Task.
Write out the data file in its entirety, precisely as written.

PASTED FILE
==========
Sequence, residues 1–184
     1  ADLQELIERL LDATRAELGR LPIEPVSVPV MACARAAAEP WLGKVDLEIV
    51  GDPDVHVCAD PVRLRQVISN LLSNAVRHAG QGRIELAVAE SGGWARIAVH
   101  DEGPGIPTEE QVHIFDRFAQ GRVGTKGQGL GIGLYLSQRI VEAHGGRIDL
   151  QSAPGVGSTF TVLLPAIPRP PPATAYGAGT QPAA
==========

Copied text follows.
Sequence, residues 1–184
     1  ADLQELIERL LDATRAELGR LPIEPVSVPV MACARAAAEP WLGKVDLEIV
    51  GDPDVHVCAD PVRLRQVISN LLSNAVRHAG QGRIELAVAE SGGWARIAVH
   101  DEGPGIPTEE QVHIFDRFAQ GRVGTKGQGL GIGLYLSQRI VEAHGGRIDL
   151  QSAPGVGSTF TVLLPAIPRP PPATAYGAGT QPAA